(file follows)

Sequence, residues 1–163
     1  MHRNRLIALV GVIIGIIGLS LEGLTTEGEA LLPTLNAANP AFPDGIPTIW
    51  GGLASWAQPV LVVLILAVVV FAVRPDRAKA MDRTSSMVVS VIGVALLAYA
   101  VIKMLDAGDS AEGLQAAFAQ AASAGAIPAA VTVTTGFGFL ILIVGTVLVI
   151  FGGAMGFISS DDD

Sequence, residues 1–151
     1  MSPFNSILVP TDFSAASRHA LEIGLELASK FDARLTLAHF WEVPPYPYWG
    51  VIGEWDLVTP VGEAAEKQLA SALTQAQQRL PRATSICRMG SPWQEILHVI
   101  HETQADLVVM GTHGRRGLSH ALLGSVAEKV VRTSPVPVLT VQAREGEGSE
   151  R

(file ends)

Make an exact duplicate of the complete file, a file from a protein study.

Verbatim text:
Sequence, residues 1–163
     1  MHRNRLIALV GVIIGIIGLS LEGLTTEGEA LLPTLNAANP AFPDGIPTIW
    51  GGLASWAQPV LVVLILAVVV FAVRPDRAKA MDRTSSMVVS VIGVALLAYA
   101  VIKMLDAGDS AEGLQAAFAQ AASAGAIPAA VTVTTGFGFL ILIVGTVLVI
   151  FGGAMGFISS DDD

Sequence, residues 1–151
     1  MSPFNSILVP TDFSAASRHA LEIGLELASK FDARLTLAHF WEVPPYPYWG
    51  VIGEWDLVTP VGEAAEKQLA SALTQAQQRL PRATSICRMG SPWQEILHVI
   101  HETQADLVVM GTHGRRGLSH ALLGSVAEKV VRTSPVPVLT VQAREGEGSE
   151  R